By Eva Bjerring
Álvaro Joaquim de Melo Siza Vieira or better known as Álvaro Siza, is perhaps the most renowned Portuguese architect of the 20th century. Siza’s profile is embedded within the Modern movement, yet he maintains an approach that is both subjective and unconventional.
Born in 1933 and raised in the coastal town of Matosinhos just north of Porto, Álvaro Siza studied at the University of Porto School of Architecture and upon graduating in 1955 established his private practice. In 1966, Siza was offered a teaching position at the university, and by 1976 became a tenured Professor of Architecture. However, it was not until the 1980’s that Siza garnered attention from the international spotlight.
Siza’s continuous experimentation communicates a sense of freedom within modern architecture. His work spans across boundaries, from mass housing developments, to swimming pools, single dwellings, banks, restaurants, and art galleries.
In addition to the cultural and social issues of architecture, geography and climate are of deep significance to Siza’s mindset. His concepts and designs do not have a pre-established language nor does he intend to develop one. He stated that his designs are, “a response to a concrete problem, a situation in transformation in which I participate”.
Following Portugal’s independence from the dictatorship of the Salazar regime in 1974, Álvaro Siza would enter a defining moment in his career. Álvaro Siza was commissioned by SAAL (servicio de apoio ambulatorio local), the national housing association, to plan a housing project in the rural outskirts of Evora. Siza’s attempt of integrating the demands of low cost housing with the affinity of Portugal’s recent events captures a delicate tension.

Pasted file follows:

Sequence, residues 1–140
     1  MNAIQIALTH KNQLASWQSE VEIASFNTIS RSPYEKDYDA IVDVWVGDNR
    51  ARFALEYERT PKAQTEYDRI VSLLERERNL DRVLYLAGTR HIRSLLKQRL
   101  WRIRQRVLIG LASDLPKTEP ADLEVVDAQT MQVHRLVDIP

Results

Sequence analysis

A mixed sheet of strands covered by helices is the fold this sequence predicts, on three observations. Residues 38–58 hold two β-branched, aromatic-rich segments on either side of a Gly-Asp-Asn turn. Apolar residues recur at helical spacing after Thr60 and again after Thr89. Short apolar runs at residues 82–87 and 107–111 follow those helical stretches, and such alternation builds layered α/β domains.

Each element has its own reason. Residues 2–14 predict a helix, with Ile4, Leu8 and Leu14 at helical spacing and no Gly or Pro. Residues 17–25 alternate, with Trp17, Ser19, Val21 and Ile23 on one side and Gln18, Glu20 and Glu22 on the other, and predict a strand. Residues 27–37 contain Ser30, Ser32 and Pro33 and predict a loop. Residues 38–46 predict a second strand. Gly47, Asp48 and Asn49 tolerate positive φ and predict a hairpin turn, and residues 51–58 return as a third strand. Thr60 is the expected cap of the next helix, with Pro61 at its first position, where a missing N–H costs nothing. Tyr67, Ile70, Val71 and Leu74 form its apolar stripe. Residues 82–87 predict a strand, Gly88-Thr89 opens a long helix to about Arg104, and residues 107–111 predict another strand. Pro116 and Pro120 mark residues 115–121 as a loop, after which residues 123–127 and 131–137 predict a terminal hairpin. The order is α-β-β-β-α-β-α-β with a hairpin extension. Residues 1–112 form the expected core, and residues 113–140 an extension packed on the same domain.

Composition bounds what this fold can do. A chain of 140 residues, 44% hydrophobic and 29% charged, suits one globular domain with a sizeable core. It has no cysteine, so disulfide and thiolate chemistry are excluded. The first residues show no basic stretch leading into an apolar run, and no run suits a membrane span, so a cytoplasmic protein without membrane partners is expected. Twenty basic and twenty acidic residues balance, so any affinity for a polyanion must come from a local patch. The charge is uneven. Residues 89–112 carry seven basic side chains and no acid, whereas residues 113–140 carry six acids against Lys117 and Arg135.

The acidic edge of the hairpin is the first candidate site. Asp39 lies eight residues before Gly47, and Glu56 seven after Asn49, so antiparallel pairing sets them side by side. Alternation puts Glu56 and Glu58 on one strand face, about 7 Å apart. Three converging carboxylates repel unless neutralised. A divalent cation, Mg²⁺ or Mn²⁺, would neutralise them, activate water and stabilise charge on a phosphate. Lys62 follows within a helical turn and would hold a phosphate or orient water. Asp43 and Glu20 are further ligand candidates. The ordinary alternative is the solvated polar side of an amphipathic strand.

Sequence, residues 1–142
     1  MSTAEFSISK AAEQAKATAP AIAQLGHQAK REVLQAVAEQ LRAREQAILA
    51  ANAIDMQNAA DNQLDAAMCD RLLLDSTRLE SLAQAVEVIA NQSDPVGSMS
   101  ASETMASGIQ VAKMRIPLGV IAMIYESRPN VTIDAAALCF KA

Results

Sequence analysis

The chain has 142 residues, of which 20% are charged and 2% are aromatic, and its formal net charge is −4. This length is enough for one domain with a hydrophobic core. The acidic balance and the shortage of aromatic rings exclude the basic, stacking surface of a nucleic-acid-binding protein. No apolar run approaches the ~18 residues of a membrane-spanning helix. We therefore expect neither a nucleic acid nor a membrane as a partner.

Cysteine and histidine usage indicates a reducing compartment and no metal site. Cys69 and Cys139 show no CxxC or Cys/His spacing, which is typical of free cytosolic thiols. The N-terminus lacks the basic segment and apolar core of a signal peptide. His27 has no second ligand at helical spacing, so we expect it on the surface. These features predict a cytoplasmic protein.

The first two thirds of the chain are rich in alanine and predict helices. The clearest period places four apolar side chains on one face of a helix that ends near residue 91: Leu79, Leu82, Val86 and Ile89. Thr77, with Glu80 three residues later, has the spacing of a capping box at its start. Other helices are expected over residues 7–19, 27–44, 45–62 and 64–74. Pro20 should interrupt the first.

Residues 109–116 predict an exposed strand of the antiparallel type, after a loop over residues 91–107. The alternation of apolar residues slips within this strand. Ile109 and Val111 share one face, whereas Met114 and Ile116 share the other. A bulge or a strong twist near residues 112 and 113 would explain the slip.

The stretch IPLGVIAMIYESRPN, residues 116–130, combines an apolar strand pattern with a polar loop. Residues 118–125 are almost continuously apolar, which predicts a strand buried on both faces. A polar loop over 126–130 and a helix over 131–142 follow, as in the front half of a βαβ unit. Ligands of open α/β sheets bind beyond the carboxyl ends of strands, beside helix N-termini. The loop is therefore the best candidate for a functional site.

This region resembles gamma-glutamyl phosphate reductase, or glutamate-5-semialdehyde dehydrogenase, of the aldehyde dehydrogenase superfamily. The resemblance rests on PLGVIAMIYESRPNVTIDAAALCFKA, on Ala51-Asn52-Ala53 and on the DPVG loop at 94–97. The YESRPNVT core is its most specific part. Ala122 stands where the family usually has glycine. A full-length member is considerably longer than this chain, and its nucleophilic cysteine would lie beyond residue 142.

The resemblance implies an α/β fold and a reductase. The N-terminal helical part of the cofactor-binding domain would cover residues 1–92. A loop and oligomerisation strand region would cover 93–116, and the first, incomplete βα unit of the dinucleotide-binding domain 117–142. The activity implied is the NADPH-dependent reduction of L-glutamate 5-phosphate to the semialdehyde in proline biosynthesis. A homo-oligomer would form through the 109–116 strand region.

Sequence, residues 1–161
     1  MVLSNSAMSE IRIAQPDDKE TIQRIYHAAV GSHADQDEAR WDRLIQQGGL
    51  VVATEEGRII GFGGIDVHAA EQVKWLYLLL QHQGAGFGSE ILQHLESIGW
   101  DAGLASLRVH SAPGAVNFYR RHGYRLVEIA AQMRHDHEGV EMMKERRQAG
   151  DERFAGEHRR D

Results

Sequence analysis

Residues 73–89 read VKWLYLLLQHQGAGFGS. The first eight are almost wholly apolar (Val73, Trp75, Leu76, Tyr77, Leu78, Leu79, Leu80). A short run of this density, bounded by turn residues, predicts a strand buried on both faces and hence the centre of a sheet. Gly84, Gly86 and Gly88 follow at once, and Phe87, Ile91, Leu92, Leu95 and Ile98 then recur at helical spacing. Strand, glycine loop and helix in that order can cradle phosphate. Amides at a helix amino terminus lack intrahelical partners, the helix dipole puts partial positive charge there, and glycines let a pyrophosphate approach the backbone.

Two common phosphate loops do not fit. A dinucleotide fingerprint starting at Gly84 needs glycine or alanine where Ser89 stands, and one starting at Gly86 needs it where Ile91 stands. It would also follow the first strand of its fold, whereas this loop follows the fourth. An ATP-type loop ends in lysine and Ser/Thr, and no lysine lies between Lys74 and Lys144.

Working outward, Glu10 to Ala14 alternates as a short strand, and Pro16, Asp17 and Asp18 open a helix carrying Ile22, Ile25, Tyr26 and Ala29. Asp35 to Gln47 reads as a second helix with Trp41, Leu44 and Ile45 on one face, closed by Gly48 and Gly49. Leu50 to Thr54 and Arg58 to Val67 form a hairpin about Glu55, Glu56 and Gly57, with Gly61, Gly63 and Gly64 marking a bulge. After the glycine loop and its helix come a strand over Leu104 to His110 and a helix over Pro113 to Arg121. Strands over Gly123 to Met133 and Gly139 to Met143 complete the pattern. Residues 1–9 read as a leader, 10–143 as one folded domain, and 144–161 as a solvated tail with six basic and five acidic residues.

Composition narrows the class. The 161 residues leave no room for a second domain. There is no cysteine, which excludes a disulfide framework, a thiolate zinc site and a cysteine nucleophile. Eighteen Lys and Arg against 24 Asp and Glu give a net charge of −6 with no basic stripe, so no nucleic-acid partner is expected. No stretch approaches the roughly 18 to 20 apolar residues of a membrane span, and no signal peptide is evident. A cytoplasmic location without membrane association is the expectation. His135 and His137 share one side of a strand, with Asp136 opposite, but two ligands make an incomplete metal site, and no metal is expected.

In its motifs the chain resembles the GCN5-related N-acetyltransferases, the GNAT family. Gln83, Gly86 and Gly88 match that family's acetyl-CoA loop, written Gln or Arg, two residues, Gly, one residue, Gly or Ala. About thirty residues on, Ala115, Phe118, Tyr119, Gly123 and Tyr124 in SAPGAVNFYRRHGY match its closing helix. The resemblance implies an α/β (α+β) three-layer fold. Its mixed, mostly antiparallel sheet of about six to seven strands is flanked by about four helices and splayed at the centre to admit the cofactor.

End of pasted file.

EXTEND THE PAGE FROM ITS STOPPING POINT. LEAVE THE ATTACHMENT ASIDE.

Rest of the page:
Other works in Portugal include the new College of Education in Setubal, Porto’s Serralves Foundation Contemporary Art Museum, the rebuilding of the Chiado neighborhood of Lisbon (damaged by fire in 1988), the library at Aveiro University. In other parts of Europe his projects include the Schlesisches Tor apartment building in Berlin, the renovation of Campo di Marte in Venice, the Ministry of Defense in Madrid, and the Meteorological Centre in Barcelona for the 1992 Olympic Games.
Siza has continued to be a visiting professor and guest lecturer throughout the world, from the United States, Colombia, Argentina, Germany, France, Norway, the Netherlands, Switzerland, Austria, and England. He has received honors from the Alvar Aalto Foundation (1988 Gold Medal), the Mies van der Rohe Award for the Borges & Irmao Bank in Vila do Conde, Portugal (1986), and was the first recipient of the Veronica Rudge Green Prize (or Prince of Wales Prize of Urban Design) presented by the Harvard University Graduate School of Design , for the housing project in Evora.